Heaven Gallery is located at 1550 North Milwaukee, 2nd floor, Chicago, IL 60622
phone/fax 773-342-4597

Gallery hours: Saturday 1 to 5 or by appointment.

F L A T Gallery

Introducing F L A T Gallery! Chicago’s newest apartment gallery 
2023 S. Ruble St. Chicago, IL

F L A T provides an inclusive platform for Chicago-based emerging artists, which encourages practice-based risk taking.

Building on the existing Chicago apartment gallery model, it aims to stretch and subvert the current theoretical boundaries that exist within the present gallery structure of commercial and nonprofit spaces.

By inverting the physical parameters of the ‘White Cube’ space, the gallery attempts to eliminate the divide between student artists, emerging artists and the academic community.

Artists are provided with a physical and conceptual space that steps away from the current established model used to develop, display and distribute contemporary artistic practice.
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Join us Friday February 28th 7:00-10:00pm for our inaugural show:
Visual Ends: The Edge of Perception

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More Details:

Artists:

Austen Brown: www.austenbrown.net
Lauren Pirritano: www.aleatoriclove.com
George William Price: www.georgewilliamprice.com
Nicole Prutsch: www.nicoleprutsch.com
Tobias Zehntner: www.tobiaszehntner.com

Nicole Prutsch & George William Price collaborative action: 8.30pm

Exhibition Dates: 29th February – 30th March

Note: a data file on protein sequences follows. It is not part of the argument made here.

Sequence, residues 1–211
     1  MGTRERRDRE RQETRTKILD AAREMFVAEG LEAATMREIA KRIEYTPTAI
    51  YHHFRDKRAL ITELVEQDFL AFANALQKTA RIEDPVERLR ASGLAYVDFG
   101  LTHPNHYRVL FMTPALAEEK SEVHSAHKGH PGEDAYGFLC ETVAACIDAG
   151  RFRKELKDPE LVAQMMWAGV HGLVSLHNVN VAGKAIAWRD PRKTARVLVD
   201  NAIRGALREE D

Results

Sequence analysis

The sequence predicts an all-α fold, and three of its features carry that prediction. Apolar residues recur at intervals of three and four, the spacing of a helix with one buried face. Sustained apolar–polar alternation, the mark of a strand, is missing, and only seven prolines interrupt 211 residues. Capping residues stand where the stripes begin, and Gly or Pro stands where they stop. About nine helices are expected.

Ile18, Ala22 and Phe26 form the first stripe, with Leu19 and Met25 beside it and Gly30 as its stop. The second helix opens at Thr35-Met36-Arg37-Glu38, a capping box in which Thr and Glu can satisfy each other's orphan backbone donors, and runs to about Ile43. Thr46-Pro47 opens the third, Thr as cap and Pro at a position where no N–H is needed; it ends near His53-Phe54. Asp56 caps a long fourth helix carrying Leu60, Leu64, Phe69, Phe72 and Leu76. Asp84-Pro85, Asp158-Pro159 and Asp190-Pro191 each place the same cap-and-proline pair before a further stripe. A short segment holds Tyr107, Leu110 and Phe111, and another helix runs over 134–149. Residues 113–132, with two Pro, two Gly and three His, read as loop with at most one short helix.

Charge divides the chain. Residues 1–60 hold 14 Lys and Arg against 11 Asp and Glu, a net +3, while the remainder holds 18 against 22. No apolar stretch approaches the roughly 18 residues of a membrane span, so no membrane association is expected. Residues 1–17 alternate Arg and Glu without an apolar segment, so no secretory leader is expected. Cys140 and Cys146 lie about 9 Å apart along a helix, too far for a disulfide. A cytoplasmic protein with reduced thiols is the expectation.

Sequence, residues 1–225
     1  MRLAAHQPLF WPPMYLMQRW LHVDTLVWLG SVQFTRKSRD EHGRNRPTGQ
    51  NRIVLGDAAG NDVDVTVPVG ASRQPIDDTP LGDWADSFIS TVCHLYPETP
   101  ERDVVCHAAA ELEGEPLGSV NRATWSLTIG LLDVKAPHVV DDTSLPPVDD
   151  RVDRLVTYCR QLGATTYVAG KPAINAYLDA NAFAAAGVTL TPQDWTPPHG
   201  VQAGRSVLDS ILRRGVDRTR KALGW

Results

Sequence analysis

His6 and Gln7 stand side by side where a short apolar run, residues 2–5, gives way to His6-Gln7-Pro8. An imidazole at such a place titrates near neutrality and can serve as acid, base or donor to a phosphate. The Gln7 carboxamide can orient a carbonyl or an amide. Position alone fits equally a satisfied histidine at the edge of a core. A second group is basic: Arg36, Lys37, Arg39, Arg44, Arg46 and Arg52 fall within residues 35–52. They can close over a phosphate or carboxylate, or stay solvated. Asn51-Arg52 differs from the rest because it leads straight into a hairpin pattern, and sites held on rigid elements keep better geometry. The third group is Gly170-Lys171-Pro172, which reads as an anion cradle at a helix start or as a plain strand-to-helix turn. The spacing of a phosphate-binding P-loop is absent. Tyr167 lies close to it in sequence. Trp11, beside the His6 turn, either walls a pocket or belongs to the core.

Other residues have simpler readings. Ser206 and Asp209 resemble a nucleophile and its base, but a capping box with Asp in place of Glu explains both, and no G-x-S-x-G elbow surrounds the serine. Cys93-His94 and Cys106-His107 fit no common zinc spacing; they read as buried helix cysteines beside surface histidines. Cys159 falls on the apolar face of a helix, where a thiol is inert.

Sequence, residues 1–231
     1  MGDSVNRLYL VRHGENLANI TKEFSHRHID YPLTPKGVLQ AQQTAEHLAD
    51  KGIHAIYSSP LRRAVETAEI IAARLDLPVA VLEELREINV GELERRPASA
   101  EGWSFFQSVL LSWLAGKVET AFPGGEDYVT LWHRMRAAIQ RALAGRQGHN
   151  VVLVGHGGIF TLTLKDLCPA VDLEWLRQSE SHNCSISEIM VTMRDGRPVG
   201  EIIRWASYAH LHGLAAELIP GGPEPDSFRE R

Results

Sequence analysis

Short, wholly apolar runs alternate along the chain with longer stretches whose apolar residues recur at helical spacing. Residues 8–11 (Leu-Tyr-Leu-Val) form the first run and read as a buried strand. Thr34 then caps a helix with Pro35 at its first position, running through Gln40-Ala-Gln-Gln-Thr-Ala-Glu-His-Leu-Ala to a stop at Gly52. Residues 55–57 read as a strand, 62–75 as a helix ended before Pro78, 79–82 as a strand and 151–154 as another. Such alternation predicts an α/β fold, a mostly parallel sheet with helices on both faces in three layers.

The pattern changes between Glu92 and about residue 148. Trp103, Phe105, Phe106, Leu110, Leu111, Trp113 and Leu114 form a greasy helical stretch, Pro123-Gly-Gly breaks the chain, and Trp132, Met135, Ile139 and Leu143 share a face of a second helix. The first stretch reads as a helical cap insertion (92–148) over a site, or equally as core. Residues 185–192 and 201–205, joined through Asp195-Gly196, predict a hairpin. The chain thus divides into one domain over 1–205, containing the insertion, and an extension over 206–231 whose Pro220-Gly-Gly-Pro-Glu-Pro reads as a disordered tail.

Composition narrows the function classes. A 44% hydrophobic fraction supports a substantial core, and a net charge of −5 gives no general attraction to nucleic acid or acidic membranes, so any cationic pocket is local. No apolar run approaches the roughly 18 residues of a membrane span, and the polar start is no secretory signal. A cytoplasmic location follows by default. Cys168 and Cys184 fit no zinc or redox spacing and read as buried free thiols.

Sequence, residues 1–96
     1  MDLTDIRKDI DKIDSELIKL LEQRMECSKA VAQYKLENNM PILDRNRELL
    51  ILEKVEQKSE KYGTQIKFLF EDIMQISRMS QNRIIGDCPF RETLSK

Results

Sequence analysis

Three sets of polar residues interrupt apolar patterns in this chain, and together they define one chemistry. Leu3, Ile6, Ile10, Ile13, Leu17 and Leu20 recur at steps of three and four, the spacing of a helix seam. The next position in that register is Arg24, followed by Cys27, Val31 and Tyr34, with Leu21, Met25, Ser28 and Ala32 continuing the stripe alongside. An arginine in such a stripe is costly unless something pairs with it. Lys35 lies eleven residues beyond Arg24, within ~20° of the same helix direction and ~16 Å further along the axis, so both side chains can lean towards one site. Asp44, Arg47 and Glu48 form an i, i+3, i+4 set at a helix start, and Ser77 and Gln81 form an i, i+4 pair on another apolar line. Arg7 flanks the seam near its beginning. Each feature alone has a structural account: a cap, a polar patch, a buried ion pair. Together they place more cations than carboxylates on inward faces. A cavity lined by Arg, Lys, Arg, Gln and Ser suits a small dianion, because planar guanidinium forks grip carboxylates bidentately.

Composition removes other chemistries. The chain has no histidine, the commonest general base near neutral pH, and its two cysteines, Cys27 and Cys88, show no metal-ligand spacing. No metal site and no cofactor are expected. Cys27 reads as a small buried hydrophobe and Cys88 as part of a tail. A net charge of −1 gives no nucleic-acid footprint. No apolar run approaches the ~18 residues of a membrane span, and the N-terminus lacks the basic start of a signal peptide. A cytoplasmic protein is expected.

Opening Hours: Saturday & Sunday 1.00-4.00pm
By Appointment, contact: flatspacechicago@gmail.com

Not to Miss: Kendell Geers to speak at Gallery 400

As part of his Visiting Artists Program lecture tonight at SAIC, Kendell Geers ushered his audience through his personal journey—just like most every other lecture delivered in the history of this program.  Unlike all those other artists, however, Geers managed to bond particles of politics, language, culture, alchemy, tarot and mysticism, religion and ritual, and pataphysics. (You won’t be disappointed if you google the last term.)

Haus der Kunst, 2012

Haus der Kunst, 2012

Geers opened his lecture with a forewarning, the he must start by speaking as the archetypal Fool: innocent, trusting, and naïve.  This aptly describes the young Geers, who was born into a working class and typically racist Afrikaner Boer family in Johannesburg.  Geers was but a boy during the Soweto riots of 1976, and the rest of his life and artistic career have been dedicated recalibrating himself from violence of Apartheid.   He ran away from home and army conscription at fifteen, and was a political refugee in the United States through 1989 till Mandela’s release in 1990, at which point he returned to Jo’Burg.

Upon his return Geers famously covered himself in blood taken from his own arm.  He characterized Bloody Hell as a completely intuitive piece—what he needed to do in order to find or create a “new morality, new heritage.”  His performance has clear ties to indigenous rituals related to blood cleansing (including some Congolese rites which he mentioned) as well as medieval Christian ideas and images related to the act of anointing.

Rider-Waite Tarot Deck

Rider-Waite Tarot Deck

No longer the Fool, Geers now sees himself as the conscious, cunning, dexterous Magician—a figure who exhibits masterful skill in linking the material and immaterial worlds.  Living up to Sol Lewitt’s maxim that “Conceptual artists are mystics rather than rationalists. They leap to conclusions that logic cannot reach,” Geers’s recent works attempt to merge several concepts that are likely preternatural to some.  POSTPUNKPAGANPOP (2008), for example, forces viewers to encounter themselves in a mirrored floor while moving through several rooms constructed with sheets of South African-made, internationally used razor wire—a material that represents incarceration, prohibition, and violence.  Geers believes that the mirrored floor joins two worlds, two realities: the first being the perpetual self-loathing reinforced by capitalism and never being good enough, and the second being a gateway into other, comingling realities.